On the 8th June, 1908 A.V. Roe actually flew for the first time, but his short flights were not registered officially by the Royal Aero Club and Lord Brabazon took the honour of registering first. Roe pressed on regardless. It was a challenging time as he had to learn so much. Designing, building and flying all at once! It was dangerous because things kept breaking. Controls were not correctly understood and engines were unreliable. On the plus side the aircraft of those days could glide and crashes were often not.

The first aircraft building Company in the world opened on the basement floor of the Everards Elastic Webbing Company at Brownsfield Mill in what is now the Piccadilly basin in the centre of Manchester.

It would quickly grow with orders flowing in for the 504, it moved to Clifton Street, Miles Platting and just a year later with Europe at war it moved again, this time in an extension to the Mather & Platt Works at Newton Heath.

Over 9,000 of the 504’s would be built, many were being used for survellance but they were were also involved in a hugely successful raid over the Zeppelin Works on the shores of Lake Constance.

Avro continued after the war but as military orders dried up, AV would eventually sell his shareholding to the Armstrong Siddley Development Group.

Both Alliott and Humpfrey, left to join S.E. Saunders Limited of Cowes, on the Isle of Wight. Saunders were exponents of the flying boat. The company became known as Saunders Roe and they produced a series of well know aircraft culminating with the “Saro Princess”.

They also produced the very successful “Skeeter” helicopter and the experimental rocket fighter, the SR-53.

With Europe once again plunged into conflict, AVRO in Manchester was once again in the spotlight.In 1938 they had opened a new 750,000 sq ft factory at Chadderton and an Experimental Department was established at RAF Ringway,now Manchester Airport .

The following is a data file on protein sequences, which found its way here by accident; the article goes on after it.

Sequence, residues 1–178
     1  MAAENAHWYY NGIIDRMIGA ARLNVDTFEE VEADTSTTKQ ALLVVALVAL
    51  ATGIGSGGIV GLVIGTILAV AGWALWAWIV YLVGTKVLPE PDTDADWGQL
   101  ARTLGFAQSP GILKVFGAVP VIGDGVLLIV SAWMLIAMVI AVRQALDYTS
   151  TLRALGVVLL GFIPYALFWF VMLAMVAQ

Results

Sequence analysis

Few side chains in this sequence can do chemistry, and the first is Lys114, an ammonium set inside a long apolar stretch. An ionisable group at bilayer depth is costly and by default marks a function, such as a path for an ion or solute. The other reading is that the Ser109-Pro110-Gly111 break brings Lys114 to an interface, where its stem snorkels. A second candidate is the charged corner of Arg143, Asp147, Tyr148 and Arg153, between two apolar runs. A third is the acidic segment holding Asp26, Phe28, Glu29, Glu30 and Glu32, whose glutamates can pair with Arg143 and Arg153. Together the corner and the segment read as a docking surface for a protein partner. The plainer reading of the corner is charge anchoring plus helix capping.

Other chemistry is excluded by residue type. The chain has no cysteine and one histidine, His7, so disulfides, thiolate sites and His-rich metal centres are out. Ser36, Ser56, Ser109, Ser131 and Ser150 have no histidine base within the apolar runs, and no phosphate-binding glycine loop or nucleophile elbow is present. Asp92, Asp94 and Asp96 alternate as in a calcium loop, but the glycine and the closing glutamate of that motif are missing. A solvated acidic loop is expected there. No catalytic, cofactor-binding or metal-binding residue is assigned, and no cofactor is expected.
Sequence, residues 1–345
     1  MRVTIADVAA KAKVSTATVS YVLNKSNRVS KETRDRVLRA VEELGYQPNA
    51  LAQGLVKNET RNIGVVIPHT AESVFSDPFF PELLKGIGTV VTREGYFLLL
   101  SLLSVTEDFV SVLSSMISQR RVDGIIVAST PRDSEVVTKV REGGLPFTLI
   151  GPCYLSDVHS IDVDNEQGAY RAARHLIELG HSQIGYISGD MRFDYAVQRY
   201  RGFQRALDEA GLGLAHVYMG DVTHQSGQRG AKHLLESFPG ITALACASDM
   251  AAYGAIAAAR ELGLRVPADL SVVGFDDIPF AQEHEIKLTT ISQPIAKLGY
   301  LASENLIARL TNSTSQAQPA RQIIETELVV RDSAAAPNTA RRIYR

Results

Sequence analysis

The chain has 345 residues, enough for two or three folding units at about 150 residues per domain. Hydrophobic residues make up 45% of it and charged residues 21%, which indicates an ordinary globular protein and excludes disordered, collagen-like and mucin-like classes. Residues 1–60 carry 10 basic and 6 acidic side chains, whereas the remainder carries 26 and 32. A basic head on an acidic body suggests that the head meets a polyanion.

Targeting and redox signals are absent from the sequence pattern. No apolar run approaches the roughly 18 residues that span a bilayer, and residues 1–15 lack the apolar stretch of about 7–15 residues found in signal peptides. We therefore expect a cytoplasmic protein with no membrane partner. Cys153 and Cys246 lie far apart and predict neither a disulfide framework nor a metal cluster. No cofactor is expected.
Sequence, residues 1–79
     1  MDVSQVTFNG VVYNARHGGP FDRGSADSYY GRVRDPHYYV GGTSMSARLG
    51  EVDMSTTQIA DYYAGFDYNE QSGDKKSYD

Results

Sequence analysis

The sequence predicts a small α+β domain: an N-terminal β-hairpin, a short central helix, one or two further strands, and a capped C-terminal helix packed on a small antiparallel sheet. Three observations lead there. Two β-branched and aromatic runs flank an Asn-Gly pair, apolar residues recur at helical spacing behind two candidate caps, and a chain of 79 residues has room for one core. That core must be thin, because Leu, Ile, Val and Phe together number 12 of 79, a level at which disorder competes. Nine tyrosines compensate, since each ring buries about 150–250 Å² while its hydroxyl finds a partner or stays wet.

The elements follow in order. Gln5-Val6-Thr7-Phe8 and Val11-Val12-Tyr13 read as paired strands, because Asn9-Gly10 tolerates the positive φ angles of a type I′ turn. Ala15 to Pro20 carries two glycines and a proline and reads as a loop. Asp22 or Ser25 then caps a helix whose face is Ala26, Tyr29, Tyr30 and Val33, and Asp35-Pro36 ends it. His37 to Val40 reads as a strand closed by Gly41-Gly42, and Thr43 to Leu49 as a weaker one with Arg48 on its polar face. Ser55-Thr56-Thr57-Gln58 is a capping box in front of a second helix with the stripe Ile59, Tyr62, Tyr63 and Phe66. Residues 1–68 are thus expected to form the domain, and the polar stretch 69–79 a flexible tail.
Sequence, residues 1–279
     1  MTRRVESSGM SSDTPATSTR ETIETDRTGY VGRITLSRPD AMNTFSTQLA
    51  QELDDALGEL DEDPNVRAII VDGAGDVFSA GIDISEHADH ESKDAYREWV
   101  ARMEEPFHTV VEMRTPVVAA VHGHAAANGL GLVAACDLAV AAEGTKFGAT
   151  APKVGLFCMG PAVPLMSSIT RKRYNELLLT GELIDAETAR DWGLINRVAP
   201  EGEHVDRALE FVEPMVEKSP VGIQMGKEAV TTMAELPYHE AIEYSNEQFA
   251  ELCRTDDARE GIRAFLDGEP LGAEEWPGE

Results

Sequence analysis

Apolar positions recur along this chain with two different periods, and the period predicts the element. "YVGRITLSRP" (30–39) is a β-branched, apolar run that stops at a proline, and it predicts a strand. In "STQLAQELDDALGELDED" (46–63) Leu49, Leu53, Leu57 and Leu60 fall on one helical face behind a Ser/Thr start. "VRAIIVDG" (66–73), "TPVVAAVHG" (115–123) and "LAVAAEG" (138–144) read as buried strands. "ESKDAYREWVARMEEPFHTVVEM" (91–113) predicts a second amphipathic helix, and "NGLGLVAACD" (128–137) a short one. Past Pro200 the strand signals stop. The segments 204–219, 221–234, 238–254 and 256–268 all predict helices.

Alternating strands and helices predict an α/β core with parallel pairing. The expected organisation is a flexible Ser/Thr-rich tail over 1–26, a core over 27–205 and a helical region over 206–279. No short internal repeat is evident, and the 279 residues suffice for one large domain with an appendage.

The Company played a significant role providing over 7,500 Lancaster, Manchester and York aircraft to the RAF and Bomber Command.

The war over, AVRO would produce probably its most famous aircraft the Vulcan,designed as a nuclear strike aircraft and used to maintain the British nuclear deterrent throughout the early days of the Cold War. Some 136 aircraft were built and they would be brought back into service during the 1980’s Falklands conflict.

Long before then the AVRO name had disappeared,dropped by the Hawker Siddeley Group the name was last seen at the Paris Air Show in June 1963.The Chadderton site continued to operate until 2012 as part of British Aerospace Engineering.

The name of Avro will live on in Manchester as the very site where the first aircraft production began back in 2010.

Urban Splash are curently converting the building formerly known as Brownsfield Mill on Binns Place, just off Great Ancoats Street.

The lofts will be some of the biggest the city has to offer, with floorplates from 840 sq ft up to 2,600 sq ft – meaning there’s a range of homes on offer for buyers.

You can read more about the project HERE